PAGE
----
To allow for the responsiveness of employment to wage changes to differ at different wage levels, we estimated wage elasticities at deciles of the aggregate ASC wage distribution.

3.3 The employment effect of an increase in ASC minimum wage

The estimates of the wage elasticity of labour supply are used to predict the effect of an increase in the ASC wage floor on employment. Implicitly, the predictions abstract from indirect effects of the policy on wages above the new wage floor and assume that wages and employment at these higher wage levels remain unchanged.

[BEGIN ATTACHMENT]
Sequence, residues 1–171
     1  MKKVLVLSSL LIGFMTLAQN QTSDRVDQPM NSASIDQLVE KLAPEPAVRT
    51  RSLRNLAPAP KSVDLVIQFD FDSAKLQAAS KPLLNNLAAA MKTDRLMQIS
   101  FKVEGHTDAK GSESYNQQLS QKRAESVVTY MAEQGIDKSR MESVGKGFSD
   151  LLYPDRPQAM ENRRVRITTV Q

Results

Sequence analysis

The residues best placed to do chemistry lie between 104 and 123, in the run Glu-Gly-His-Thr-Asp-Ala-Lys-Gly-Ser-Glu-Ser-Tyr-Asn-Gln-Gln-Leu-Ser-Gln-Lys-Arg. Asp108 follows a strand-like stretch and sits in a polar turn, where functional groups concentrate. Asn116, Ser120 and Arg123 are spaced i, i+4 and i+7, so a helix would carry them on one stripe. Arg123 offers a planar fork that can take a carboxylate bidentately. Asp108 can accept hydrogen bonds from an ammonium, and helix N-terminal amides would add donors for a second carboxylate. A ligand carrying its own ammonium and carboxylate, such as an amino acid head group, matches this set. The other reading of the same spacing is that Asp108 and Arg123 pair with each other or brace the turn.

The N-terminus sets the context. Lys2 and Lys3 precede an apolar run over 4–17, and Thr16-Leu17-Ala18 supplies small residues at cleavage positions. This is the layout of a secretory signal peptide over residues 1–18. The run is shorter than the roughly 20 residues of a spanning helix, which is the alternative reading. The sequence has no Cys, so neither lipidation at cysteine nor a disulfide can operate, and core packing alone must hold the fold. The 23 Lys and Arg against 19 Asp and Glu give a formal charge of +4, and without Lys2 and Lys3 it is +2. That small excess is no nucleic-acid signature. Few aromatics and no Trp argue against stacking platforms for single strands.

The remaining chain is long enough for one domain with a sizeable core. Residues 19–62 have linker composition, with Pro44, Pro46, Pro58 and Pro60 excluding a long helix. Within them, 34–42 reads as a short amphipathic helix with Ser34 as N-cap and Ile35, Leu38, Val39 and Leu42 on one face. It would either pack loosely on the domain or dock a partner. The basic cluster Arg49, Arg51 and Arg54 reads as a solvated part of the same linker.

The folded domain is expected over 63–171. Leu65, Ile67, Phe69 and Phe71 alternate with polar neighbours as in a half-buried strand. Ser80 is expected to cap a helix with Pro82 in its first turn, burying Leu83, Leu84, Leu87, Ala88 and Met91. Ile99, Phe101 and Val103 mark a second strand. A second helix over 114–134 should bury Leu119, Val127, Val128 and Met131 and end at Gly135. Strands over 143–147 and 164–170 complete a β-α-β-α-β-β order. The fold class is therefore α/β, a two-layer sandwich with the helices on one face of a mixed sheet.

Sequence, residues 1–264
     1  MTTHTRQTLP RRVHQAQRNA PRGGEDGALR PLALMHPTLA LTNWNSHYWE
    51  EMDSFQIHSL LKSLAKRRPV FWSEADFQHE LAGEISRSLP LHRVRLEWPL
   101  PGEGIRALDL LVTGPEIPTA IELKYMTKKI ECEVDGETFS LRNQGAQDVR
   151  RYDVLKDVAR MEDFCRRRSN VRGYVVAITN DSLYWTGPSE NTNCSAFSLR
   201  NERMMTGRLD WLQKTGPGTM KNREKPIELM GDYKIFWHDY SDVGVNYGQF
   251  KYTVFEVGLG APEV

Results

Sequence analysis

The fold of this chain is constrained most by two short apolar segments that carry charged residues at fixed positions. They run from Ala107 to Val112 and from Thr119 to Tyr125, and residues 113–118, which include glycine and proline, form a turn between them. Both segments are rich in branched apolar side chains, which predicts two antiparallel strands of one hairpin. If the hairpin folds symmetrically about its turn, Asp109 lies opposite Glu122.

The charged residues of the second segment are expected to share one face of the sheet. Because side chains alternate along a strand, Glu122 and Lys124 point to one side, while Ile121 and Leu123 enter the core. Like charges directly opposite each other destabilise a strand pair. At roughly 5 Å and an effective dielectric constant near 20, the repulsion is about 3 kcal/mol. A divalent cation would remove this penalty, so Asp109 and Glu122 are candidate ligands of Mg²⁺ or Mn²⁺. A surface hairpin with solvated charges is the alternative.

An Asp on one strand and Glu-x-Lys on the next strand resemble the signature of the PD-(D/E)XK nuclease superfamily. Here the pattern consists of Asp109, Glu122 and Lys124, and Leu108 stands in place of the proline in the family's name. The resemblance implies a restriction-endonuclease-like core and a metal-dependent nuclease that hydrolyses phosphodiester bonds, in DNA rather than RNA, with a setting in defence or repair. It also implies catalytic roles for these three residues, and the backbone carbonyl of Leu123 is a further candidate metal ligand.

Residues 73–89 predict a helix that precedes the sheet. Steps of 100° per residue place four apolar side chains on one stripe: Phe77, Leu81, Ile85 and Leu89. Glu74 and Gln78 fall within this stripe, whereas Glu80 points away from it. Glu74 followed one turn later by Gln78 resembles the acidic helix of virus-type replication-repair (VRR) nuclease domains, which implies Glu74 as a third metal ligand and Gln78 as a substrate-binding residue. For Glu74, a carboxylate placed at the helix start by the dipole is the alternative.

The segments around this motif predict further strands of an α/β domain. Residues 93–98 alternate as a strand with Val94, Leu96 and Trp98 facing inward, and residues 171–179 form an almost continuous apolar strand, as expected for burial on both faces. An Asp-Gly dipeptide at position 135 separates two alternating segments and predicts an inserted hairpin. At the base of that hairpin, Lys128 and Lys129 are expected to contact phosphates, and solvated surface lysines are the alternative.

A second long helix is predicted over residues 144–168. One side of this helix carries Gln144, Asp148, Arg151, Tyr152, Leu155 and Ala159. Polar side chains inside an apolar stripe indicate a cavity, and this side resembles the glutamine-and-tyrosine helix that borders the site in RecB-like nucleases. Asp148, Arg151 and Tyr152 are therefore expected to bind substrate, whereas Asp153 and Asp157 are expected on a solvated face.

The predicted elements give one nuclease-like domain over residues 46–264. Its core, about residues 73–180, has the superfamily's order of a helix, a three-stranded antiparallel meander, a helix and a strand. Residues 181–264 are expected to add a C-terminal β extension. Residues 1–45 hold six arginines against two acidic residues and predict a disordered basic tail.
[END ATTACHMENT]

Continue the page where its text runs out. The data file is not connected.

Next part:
To predict the total employment effect of raising the wage floor, we first computed the predicted change in employment at points in the Scottish social care wage distribution (i.e., wage deciles). Because only wage decile information is available, we assumed that the hourly wages paid are at the increments given by the deciles of the wage distribution. Because the 10th percentile wage is slightly under the ASC minimum wage of £10.90, we assume all workers in the lowest wage decile are paid the 10th percentile wage. For the remainder of workers, some assumptions on the distribution of wages between the reported wage deciles are necessary. For simplicity and transparency, we consider two contrasting assumptions: A) that the workers with wages between two increments are paid at the lower increment, and B) that the workers with wages between two increments are paid at the higher increment. Because Assumption (A) results in the wage floor increase affecting a larger portion of workers, while Assumption (B) results in the wage floor increase affecting a smaller portion of workers, they give an upper (A) and lower bound (B) for our predicted labour supply change.